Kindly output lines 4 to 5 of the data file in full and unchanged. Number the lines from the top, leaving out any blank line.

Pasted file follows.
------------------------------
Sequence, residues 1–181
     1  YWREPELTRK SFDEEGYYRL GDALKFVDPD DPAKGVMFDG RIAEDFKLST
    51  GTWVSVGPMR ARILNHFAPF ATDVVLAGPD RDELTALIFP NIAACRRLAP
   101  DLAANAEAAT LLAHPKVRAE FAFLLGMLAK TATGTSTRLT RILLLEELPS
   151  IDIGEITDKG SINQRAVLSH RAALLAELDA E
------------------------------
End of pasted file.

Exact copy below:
   101  DLAANAEAAT LLAHPKVRAE FAFLLGMLAK TATGTSTRLT RILLLEELPS
   151  IDIGEITDKG SINQRAVLSH RAALLAELDA E